The Solomon R. Guggenheim Museum and the Public Art Fund have taken the unusual step of commissioning works by the same young British artist this fall, a man little known here. “Intervals: Ryan Gander” opens at the Guggenheim Friday, Oct. 1, while the artist’s public sculpture in Central Park–or, rather, the ruins of one–went on view earlier this month.
Why Ryan Gander? The London-based artist has picked up some prizes–the Prix de Rome, Art Basel’s Baloise Prize, landing on the Becks Futures shortlist–but it is his unusual method of working that appears to be grabbing curators. Rather than creating a personal style in painting or other media and riffing on it, Mr. Gander often constructs installations or experiences linked by little more than his involvement. In one, he placed ads in a Dutch magazine for a graffiti artist to repeatedly scrawl the word “Again” all over town. Another project was a take-off on a college lecture, featuring a slide presentation of associative things that made virtually no sense. In another, he gave taxi drivers learning the circuitous London streets, called “the knowledge,” a quiz.
“I’ve been following Ryan’s work closely for a number of years,” said Guggenheim curator Katherine Brinson. At the Public Art Fund, meanwhile, “Ryan was top on my list of artists that I wanted to work with, and simultaneously the Guggenheim was considering him. … So we thought let’s make a party of it,” said Public Art Fund director Nicholas Baume. That said, “with commissioned projects, you don’t quite know what you’re getting until they’re made.”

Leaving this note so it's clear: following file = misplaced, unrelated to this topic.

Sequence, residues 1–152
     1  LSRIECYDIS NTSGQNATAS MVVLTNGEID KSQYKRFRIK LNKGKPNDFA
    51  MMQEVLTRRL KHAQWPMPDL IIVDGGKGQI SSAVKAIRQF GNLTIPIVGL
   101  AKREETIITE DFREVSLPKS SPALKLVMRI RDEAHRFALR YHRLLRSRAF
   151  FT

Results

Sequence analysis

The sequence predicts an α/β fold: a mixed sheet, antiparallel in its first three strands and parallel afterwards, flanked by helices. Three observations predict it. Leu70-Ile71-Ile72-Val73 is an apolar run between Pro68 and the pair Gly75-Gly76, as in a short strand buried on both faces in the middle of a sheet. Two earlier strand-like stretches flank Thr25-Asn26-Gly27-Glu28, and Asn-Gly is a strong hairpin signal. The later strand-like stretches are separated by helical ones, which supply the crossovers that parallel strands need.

What he got, now on view at the edge of Central Park on East 60th Street, was a public monument about the ruin of a public monument. The Happy Prince is a work based on Oscar Wilde’s 1888 short story of the same name, a dark fable relevant to recessionary times. (Growing up in London, Mr. Gander, age 34, said he was told the tale over and over again, and that it made a tremendous impression on him.) It’s about a royal who, upon his death, becomes a bejeweled golden statue set high on a hill. Only then does he see his subjects’ poverty. Gradually, he cajoles a sparrow into plucking him apart to give the gold and jewels away.
“Wilde’s story is a morality tale. The issues of compassionate charity are as pressing today as they were in his time,” said Mr. Baume. The Public Art Fund has had something of a history of displaying artists who either already are or later become, at least in cultural circles, household names–Jeff Koons’ flowered puppy, Louise Bourgeois’ giant spider, Anish Kapoor’s sky mirror, Rachel Whiteread’s water towers. Guggenheim Museum curator Katherine Brinson describes his way of working as “conceptually rigorous but also playful and poetic, alternating between deadpan humor and a heartfelt poignancy.”
At the Guggenheim, Gander is constructing an elaborate art-world in-joke, an installation showing the results of an imaginary struggle between the Dutch Modernist painters Piet Mondrian and Theo van Doesburg. The fight has them crashing through a stained-glass window in the home of Frank Lloyd Wright. It will be on view in the Guggenheim Reading Room.
New York Observer writer Paul Laster recently interviewed Mr. Gander about these poetic projects.
When did the idea for a sculpture based on “The Happy Prince” click in your mind?